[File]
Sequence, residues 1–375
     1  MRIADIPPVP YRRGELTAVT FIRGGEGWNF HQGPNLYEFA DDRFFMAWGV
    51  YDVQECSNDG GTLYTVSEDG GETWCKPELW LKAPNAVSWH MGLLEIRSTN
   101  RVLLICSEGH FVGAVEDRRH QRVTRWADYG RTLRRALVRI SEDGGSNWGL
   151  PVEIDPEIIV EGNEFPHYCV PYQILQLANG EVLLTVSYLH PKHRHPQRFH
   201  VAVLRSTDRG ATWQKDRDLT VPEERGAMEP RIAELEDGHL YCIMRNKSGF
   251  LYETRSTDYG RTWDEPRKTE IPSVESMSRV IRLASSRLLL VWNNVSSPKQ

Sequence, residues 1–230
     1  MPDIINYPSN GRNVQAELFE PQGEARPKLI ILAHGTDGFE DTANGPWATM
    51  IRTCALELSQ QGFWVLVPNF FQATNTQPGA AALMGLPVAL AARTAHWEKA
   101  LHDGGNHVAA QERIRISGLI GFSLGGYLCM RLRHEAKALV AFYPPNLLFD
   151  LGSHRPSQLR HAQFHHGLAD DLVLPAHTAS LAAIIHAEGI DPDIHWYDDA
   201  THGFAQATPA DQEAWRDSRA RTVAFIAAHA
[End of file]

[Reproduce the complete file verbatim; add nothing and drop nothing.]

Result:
Sequence, residues 1–375
     1  MRIADIPPVP YRRGELTAVT FIRGGEGWNF HQGPNLYEFA DDRFFMAWGV
    51  YDVQECSNDG GTLYTVSEDG GETWCKPELW LKAPNAVSWH MGLLEIRSTN
   101  RVLLICSEGH FVGAVEDRRH QRVTRWADYG RTLRRALVRI SEDGGSNWGL
   151  PVEIDPEIIV EGNEFPHYCV PYQILQLANG EVLLTVSYLH PKHRHPQRFH
   201  VAVLRSTDRG ATWQKDRDLT VPEERGAMEP RIAELEDGHL YCIMRNKSGF
   251  LYETRSTDYG RTWDEPRKTE IPSVESMSRV IRLASSRLLL VWNNVSSPKQ

Sequence, residues 1–230
     1  MPDIINYPSN GRNVQAELFE PQGEARPKLI ILAHGTDGFE DTANGPWATM
    51  IRTCALELSQ QGFWVLVPNF FQATNTQPGA AALMGLPVAL AARTAHWEKA
   101  LHDGGNHVAA QERIRISGLI GFSLGGYLCM RLRHEAKALV AFYPPNLLFD
   151  LGSHRPSQLR HAQFHHGLAD DLVLPAHTAS LAAIIHAEGI DPDIHWYDDA
   201  THGFAQATPA DQEAWRDSRA RTVAFIAAHA